The Illinois Commerce Commission decided Dec. 17 that a “clean coal” provision under state law is not binding on the Illinois Power Agency when it comes to an 80-MW coal-fired project of Sargas.
The “clean coal” provision in state law was created for – and has already been used by IPA for – the FutureGen 2.0 repowering project, which is getting U.S. Department of Energy funding help. But Sargas said the provision also applies to its own 80-MW project at Mattoon, Illinois, which like FutureGen 2.0 would use carbon capture and sequestration technology to sharply reduce CO2 emissions.
State law requires IPA to prepare a power procurement plan to secure electricity commodity and associated transmission services to meet the needs of eligible retail customers in the service areas of Commonwealth Edison (ComEd) and Ameren Illinois Co. On Sept. 29, 2014, the IPA filed with the commission its seventh annual power procurement plan initiating this proceeding.
“The IPA Act contains an aspirational goal that cost-effective clean coal resources will account for 25% of the electricity used in Illinois by January 1, 2025,” said the commission order. “As a part of the goal, the Plan must also include electricity generated from clean coal facilities. While there is a broader definition of ‘clean coal facility’ contained in the definition section of the IPA Act, the IPA says Section 1-75(d) describes two special cases: the ‘initial clean coal facility’ and ‘electricity generated by power plants that were previously owned by Illinois utilities and that have been or will be converted into clean coal facilities (‘retrofit clean coal facility’). Currently, the IPA is unaware of any facility meeting the definition of an ‘initial clean coal facility’ that has announced plans to begin operations within the next five years.
“In Docket No. 12-0544, the Commission approved inclusion of FutureGen 2.0 as a retrofit clean coal resource starting in the 2017 delivery year. The IPA notes a recent Illinois Appellate Court ruling on the appeal of the Commission’s Final Order in Docke No. 12-0544 may provide additional certainty for the project’s development. On July 22, 2014, the appellate court upheld the Commission’s decision to require ComEd and Ameren to recover FutureGen sourcing agreement costs through a competitively-neutral retail distribution charge applicable to all utility distribution customers (including ARES customers).The IPA is not aware of any additional change in status of the project that would hinder FutureGen’s ability to deliver clean coal electricity as anticipated. Also, the IPA is not aware of any additional retrofitted clean coal facilities seeking inclusion in the Procurement Plan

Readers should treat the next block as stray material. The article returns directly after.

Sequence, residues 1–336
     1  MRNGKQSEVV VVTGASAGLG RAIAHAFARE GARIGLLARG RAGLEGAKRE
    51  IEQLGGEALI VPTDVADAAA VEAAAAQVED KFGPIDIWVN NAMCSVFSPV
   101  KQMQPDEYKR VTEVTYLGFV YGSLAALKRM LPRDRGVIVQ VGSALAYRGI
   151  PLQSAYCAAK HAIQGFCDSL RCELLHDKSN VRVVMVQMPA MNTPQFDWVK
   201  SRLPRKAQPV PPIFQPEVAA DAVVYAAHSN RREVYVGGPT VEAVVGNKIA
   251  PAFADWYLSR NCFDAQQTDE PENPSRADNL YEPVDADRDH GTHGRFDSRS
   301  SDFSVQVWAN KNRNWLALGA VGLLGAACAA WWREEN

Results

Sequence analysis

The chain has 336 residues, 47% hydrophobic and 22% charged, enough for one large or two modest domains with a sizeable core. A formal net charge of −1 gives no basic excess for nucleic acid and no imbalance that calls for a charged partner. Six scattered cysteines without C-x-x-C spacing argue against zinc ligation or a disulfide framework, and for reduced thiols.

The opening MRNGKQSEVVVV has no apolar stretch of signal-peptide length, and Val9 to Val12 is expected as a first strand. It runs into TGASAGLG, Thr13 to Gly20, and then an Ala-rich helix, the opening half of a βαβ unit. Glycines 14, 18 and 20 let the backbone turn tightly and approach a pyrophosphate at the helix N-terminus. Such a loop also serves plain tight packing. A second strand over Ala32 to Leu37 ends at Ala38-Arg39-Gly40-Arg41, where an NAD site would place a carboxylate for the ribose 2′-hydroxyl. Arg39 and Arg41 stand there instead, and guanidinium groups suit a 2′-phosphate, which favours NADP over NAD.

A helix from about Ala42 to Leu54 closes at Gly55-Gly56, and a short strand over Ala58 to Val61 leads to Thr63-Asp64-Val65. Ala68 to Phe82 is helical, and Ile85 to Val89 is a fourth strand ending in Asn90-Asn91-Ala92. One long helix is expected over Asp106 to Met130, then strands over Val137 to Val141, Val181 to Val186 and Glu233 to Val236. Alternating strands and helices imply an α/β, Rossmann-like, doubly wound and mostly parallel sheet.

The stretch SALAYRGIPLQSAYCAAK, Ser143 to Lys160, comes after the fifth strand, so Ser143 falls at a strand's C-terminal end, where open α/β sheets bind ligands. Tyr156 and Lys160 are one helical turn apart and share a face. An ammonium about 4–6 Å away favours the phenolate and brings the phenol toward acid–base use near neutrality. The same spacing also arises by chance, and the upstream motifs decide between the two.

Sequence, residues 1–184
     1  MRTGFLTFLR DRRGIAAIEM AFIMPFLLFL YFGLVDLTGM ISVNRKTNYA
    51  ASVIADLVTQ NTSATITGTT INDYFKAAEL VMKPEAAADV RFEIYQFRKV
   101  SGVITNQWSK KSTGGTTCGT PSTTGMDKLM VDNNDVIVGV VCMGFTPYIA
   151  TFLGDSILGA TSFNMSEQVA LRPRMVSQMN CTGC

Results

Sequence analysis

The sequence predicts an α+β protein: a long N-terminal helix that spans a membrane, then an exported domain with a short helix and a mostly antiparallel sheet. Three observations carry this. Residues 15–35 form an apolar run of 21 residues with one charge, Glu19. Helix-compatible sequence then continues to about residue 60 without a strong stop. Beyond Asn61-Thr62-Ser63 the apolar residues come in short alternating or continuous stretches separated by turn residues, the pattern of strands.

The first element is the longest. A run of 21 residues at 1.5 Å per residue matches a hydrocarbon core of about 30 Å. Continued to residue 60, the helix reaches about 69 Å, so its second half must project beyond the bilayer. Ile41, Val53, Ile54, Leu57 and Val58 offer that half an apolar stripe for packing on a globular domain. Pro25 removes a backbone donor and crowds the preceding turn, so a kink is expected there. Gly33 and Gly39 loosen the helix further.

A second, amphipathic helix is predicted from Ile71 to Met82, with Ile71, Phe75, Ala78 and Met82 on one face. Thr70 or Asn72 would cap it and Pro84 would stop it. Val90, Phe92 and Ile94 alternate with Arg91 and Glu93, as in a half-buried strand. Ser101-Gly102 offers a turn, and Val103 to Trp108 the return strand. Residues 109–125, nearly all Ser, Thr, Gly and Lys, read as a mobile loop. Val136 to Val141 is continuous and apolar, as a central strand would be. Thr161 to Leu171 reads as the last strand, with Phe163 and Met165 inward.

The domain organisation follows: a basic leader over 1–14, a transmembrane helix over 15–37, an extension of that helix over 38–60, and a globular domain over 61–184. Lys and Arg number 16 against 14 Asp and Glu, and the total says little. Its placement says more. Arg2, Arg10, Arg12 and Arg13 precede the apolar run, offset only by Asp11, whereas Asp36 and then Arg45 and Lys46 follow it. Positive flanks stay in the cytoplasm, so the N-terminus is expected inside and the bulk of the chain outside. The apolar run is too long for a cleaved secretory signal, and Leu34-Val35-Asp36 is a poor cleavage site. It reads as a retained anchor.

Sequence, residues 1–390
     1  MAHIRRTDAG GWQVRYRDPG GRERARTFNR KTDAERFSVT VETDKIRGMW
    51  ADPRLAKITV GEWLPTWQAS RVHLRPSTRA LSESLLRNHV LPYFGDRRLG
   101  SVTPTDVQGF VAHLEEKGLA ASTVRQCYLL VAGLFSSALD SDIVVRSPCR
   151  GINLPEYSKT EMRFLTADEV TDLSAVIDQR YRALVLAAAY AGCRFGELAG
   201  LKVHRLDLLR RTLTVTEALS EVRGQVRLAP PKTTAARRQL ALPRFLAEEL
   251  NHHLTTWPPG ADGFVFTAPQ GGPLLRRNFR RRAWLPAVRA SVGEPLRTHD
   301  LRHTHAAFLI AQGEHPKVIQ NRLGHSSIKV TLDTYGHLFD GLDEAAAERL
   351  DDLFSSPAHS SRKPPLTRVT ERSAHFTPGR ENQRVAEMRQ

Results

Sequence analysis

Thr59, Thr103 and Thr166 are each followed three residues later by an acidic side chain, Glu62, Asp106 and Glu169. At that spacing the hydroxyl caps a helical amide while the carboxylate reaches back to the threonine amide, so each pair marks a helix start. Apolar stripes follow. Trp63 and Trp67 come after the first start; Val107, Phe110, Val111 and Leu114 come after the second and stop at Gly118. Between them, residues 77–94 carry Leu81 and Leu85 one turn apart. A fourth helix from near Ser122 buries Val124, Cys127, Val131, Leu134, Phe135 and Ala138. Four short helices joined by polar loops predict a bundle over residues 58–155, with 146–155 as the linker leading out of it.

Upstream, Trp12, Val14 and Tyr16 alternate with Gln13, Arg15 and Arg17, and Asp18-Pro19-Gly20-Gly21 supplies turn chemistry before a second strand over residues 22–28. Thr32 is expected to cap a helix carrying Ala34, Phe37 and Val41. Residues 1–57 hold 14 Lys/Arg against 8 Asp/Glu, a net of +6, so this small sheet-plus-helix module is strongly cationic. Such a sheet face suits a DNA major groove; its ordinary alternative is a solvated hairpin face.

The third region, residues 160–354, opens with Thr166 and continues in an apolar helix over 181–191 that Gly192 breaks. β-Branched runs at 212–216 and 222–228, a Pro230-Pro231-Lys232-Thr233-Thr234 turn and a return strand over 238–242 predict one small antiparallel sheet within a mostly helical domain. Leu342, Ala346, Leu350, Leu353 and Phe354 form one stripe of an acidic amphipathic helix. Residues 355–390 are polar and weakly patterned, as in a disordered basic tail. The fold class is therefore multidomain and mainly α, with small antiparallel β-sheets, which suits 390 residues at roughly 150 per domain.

“The IPA reports it has been approached by a team representing Sargas, Inc.(‘Sargas’), a US subsidiary of Sargas AS, a Norwegian technology company. Sargas is seeking to develop a coal-fired power plant in Mattoon designed to burn Illinois coal with 90% post-combustion carbon capture, with captured carbon then used for local enhanced oil recovery. The IPA says the project would be a single module, 80 MW facility seeking to begin construction as early as 2016 and begin operation as early as 2019.
Law has varying definitions of ‘clean coal’ facility
“According to the IPA, the regulatory treatment afforded proposed clean coal projects varies significantly by project type. The IPA Act contains provisions specific to an ‘initial clean coal facility,’ ‘retrofitted coal-fired power plants,’ a ‘clean coal SNG [substitute natural gas] facility,’ and a distinct ‘clean coal SNG brownfield facility.’ Based on conversations with the Sargas team and the project description provided by Sargas in its comments on the IPA’s draft plan, the IPA understands that the proposed Sargas project, a high-pressure combustion facility located on a greenfield site, would not fit into any of the above categories. Instead, the project would constitute a ‘clean coal facility’ as that term is used in the Section 1-10 of the IPA Act.
“The IPA says it does not have a mechanism for considering sourcing agreements from a standard, non-delineated ‘clean coal facility’ for inclusion in its Plan, and Sargas has not submitted sourcing agreements to the IPA for consideration. Instead, Sargas has requested that the IPA include a competitive clean coal procurement in its 2015 Procurement Plan. In Sargas’s view, again as the IPA understands it, the IPA’s authority to conduct a competitive clean coal procurement for projects such as Sargas stems from the broad language of the clean coal portfolio standard as manifest in Section 1-75(d)(1) of the IPA Act.